Are you expecting a baby boy? Congratulations!
There are a few things you’ll probably want to consider while waiting for the little gentleman to arrive. Breast milk vs. formula, cloth diapers vs. disposable diapers. There are a lot of choices you have to make for your son. One choice you may be thinking about is whether or not to circumcise your baby. You’ve probably heard a lot about circumcision, but can you trust everything you’ve heard?
The fact of the matter is that the U.S. has a lot of untruths circulating about circumcision.
What You’ve Heard
It’s cleaner. It prevents the build-up of smegma and unpleasant odors.
If you don’t circumcise, his penis will look like an anteater and he will be teased in the locker room by all the other boys. A boy should look like his father, so if dad is circumcised, baby should be as well. Otherwise, he’ll notice that he and dad are different, and it’ll make him think there is something wrong with him.
Studies have shown that circumcised men have a lesser chance of becoming infected by HIV. Circumcision prevents penile cancer. My baby will get a UTI if he isn't circumcised.
The foreskin is just a flap of skin. I and/or my partner are circumcised and just fine.
It is inevitable:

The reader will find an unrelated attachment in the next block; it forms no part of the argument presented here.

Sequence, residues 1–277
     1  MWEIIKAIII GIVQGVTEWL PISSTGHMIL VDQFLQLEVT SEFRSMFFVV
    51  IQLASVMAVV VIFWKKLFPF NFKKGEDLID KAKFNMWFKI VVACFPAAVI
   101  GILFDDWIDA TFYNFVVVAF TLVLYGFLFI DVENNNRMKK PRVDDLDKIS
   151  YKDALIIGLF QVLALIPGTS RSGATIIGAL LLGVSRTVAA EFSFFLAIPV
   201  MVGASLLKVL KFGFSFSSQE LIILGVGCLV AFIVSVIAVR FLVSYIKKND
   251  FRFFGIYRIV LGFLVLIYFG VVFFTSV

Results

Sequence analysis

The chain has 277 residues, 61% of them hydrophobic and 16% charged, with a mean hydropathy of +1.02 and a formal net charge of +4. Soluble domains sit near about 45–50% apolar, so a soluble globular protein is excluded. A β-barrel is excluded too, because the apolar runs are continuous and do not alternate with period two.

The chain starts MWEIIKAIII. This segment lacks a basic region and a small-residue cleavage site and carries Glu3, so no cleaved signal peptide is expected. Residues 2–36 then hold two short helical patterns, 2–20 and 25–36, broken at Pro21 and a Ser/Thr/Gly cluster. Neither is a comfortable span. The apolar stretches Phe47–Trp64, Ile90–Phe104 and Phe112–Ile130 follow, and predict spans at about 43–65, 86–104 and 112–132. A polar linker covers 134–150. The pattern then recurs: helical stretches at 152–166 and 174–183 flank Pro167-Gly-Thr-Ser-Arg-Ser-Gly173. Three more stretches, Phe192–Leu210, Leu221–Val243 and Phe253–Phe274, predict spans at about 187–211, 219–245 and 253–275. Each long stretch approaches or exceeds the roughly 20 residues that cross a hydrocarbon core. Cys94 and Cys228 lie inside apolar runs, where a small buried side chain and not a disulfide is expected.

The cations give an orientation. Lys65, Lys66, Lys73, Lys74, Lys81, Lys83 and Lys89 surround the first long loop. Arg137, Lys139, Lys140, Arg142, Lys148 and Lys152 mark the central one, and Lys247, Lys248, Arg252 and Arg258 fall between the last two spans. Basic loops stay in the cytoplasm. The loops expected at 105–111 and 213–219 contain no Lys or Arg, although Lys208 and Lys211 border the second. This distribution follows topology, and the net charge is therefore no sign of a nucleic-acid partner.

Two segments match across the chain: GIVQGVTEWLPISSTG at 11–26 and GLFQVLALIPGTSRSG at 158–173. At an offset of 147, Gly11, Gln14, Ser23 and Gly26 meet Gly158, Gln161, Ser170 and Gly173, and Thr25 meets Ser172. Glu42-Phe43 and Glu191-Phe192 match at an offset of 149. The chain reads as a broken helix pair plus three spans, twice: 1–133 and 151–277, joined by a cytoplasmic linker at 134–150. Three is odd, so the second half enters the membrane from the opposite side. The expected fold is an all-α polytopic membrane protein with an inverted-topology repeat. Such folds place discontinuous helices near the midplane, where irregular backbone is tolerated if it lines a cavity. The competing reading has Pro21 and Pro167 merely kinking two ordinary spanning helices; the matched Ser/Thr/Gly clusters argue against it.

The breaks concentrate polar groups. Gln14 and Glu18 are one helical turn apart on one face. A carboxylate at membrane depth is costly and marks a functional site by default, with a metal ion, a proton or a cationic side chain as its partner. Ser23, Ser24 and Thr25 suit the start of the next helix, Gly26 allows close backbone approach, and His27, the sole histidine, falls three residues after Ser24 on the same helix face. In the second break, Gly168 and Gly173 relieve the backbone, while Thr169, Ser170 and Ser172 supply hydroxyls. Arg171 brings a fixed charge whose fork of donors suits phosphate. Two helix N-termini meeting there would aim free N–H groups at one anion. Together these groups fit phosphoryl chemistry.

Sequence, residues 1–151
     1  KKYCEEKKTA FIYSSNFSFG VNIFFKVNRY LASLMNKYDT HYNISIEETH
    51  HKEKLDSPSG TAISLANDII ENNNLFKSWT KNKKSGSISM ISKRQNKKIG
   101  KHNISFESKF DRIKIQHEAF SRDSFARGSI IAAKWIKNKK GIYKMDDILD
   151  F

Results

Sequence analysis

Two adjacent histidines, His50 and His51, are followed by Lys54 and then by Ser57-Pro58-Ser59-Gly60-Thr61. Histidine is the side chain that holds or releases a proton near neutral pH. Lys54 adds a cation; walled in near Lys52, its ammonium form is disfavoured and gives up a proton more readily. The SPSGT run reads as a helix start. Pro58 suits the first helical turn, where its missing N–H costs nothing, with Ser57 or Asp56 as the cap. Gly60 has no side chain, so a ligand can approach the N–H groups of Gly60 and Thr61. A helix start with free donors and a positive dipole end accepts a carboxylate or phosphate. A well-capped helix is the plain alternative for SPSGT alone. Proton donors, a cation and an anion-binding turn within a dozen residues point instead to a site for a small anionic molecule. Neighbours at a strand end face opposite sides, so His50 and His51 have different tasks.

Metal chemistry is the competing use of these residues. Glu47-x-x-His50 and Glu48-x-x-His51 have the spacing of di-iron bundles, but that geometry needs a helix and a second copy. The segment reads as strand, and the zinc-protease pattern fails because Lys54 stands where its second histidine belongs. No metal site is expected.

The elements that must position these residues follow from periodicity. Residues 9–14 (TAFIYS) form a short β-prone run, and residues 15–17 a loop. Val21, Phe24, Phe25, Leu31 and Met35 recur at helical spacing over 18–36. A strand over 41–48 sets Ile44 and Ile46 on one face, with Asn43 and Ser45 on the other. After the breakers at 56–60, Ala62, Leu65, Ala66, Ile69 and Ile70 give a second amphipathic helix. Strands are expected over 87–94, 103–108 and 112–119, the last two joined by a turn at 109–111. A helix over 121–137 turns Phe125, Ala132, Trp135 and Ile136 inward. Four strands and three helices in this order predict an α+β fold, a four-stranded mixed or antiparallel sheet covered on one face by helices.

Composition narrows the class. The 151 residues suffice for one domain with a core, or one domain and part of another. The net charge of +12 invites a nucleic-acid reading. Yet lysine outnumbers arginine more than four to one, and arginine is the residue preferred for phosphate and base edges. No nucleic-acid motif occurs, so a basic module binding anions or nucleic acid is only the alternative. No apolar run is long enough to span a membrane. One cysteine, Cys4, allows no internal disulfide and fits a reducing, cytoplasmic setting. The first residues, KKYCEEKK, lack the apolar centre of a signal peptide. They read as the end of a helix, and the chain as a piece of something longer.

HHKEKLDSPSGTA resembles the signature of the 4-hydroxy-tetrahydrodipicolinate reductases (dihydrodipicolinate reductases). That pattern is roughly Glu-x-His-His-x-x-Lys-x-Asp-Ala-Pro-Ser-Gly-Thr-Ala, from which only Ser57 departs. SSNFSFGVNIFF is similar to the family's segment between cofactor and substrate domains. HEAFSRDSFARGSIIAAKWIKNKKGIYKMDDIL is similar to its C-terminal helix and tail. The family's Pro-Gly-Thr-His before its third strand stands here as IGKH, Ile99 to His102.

My uncle’s cousin’s daughter’s husband’s hair dresser’s baby wasn’t circumcised at birth, and he kept getting infections and/or his foreskin was too tight and they had to cut it off.
The REAL reason we circumcise:
The sad fact of the matter is that circumcision became popular in the United States for NONE of the reasons you’ve heard. The practice of infant circumcision outside of the Jewish faith started gaining popularity in the U.S. as a means to curb masturbation. Masturbation, they claimed, caused blindness, seizures, and all manner of maladies.
Dr. John Harvey Kellogg, co-inventor of the cornflake (and quite a fruit loop, if you know what I mean), had a hand in starting the trend in the U.S. In his book “Plain Facts for Old and Young: Embracing the Natural History and Hygiene of Organic Life,” he says of circumcision, “the operation should be performed by a surgeon without administering an anesthetic, as the brief pain attending the operation will have a salutary effect upon the mind, especially if it be connected with the idea of punishment.” In brief, make it hurt so they won’t ever want to touch it. To curb masturbation, he claimed that “A remedy which is almost always successful in small boys is circumcision.”
Dr. Kellogg also found that the “application of pure carbolic acid to the clitoris” is “an excellent means of allaying the abnormal excitement, and preventing the recurrence of the practice.” Yep… let’s burn their genitals with acid so they won’t get aroused.